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Sep 7, 2020

The Air Force Just Tested “Robot Dogs” For Use In Base Security

Posted by in categories: robotics/AI, security

The quadrupedal robots secured the perimeter of a base during a recent test of the USAF’s Advanced Battle Management System.

Sep 7, 2020

Scientists target Hep C virus using CRISPR-Cas technology

Posted by in category: biotech/medical

Scientists in the US have used the CRISPR-Cas system to target the RNA of hepatitis C virus (HCV).

Sep 7, 2020

Why Do Cambrian Creatures Look So Weird?

Posted by in category: futurism

These creatures look downright bizarre by today’s standards.

Sep 7, 2020

Scientists Detected a New Kind of Black Hole Being Born in a Bizarre Event

Posted by in category: cosmology

A merger with a black hole possessing an unexplained ‘forbidden mass’ created the first conclusive example of an intermediate black hole in the most massive merger ever detected using ripples in spacetime.

Sep 7, 2020

New Species Found in the Hottest Place on Earth

Posted by in category: futurism

Shrimps are tough: 3.


A new species of freshwater Crustacea has been discovered during an expedition of the desert Lut, known as the hottest place on Earth.

The newly identified species belongs to the genus Phallocryptus of which only four species were previously known from different arid and semiarid regions.

Continue reading “New Species Found in the Hottest Place on Earth” »

Sep 7, 2020

Adam Savage Builds Working IRON MAN Suit That Flies

Posted by in category: futurism

If anyone in the world had the actual real-life know-how of Tony Stark, it’d be Adam Savage. He proved this by building a working, flying Iron Man suit.

Sep 7, 2020

Time for a new contender in energy conversion and storage

Posted by in categories: energy, materials

Evolutionary search has helped scientists predict the lowest energy structure of a two-dimensional (2-D) material, B2P6, with some remarkable features, including structural anisotropy and Janus geometry.

Janus materials—named after the two-faced Greek god of duality—have two surfaces with distinct physical properties. As such, they offer unique benefits, such as high solar-to-hydrogen efficiency.

Anisotropic materials exhibit different properties when measured along different directions. In the case of B2P6, the ionic diffusion is strongly anisotropic, a feature that can be potentially useful in affordable energy storage solutions, such as metal-ion batteries.

Sep 7, 2020

Domino’s First Company To Deliver Pizza By Drone | CNBC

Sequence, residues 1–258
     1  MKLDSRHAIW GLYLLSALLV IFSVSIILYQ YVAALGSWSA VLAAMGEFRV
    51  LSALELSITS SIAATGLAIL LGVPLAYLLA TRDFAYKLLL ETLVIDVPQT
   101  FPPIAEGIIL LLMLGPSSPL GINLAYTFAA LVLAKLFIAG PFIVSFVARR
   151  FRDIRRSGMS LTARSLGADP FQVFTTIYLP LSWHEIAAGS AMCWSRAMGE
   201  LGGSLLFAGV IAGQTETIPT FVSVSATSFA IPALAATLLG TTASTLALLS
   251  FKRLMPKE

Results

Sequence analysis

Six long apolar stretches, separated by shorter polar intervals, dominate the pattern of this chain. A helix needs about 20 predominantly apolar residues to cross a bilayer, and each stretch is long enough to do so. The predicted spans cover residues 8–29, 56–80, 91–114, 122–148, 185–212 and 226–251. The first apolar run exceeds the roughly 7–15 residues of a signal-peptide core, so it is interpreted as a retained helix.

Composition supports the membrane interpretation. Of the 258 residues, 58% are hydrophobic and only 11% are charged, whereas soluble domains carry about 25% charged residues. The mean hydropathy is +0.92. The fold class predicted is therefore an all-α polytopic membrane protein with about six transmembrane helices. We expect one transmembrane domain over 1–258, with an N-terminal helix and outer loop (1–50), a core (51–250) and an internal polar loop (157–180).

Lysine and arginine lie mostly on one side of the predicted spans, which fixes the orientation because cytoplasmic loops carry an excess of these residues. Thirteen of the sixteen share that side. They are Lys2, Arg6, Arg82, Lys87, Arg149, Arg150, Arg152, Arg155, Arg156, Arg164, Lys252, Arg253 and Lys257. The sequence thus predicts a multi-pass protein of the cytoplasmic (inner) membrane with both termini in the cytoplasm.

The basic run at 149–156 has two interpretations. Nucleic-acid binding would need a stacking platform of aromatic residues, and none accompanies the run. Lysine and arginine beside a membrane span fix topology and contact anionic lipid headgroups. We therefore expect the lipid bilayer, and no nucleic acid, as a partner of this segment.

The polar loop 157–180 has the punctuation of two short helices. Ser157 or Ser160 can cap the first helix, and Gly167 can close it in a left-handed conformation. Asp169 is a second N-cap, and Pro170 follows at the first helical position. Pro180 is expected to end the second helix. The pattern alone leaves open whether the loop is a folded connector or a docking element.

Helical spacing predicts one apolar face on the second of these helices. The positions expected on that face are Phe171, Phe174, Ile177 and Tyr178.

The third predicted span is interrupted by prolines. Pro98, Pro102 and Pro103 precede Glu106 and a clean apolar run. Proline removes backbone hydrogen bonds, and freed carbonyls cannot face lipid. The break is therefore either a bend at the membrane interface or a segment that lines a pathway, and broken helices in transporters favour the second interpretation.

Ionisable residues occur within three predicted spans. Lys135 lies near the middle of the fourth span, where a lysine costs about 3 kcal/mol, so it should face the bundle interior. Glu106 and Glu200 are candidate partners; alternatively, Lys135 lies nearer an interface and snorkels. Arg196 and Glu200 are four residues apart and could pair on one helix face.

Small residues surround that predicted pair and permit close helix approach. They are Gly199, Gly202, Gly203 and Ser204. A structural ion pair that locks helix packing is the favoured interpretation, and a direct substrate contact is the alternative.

Posted by in category: drones

Sep 7, 2020

Making X-Rays From Tape! 🤯

Posted by in category: futurism

Making X-Rays From Tape! 🤯

Sep 7, 2020

Hubble Eyes a Colorful Pocket of Stars – Orbiting Closely, Like Bees Swarming Around a Hive

Posted by in category: space

Many colorful stars are packed close together in this image of the globular cluster NGC 1805, taken by the NASA /ESA Hubble Space Telescope. This tight grouping of thousands of stars is located near the edge of the Large Magellanic Cloud, a satellite galaxy of our own Milky Way. The stars orbit closely to one another, like bees swarming around a hive. In the dense center of one of these clusters, stars are 100 to 1000 times closer together than the nearest stars are to our Sun, making planetary systems around them unlikely.

The striking difference in star colors is illustrated beautifully in this image, which combines two different types of light: blue stars, shining brightest in near-ultraviolet light, and red stars, illuminated in red and near-infrared. Space telescopes like Hubble can observe in the ultraviolet because they are positioned above Earth’s atmosphere, which absorbs most of this wavelength, making it inaccessible to ground-based facilities.

This young globular cluster can be seen from the southern hemisphere, in the Dorado constellation, which is Portugese for dolphinfish. Usually, globular clusters contain stars which are born at the same time; however, NGC 1805 is unusual as it appears to host two different populations of stars with ages millions of years apart. Observing such clusters of stars can help astronomers understand how stars evolve, and what factors determine whether they end their lives as white dwarfs, or explode as supernovae.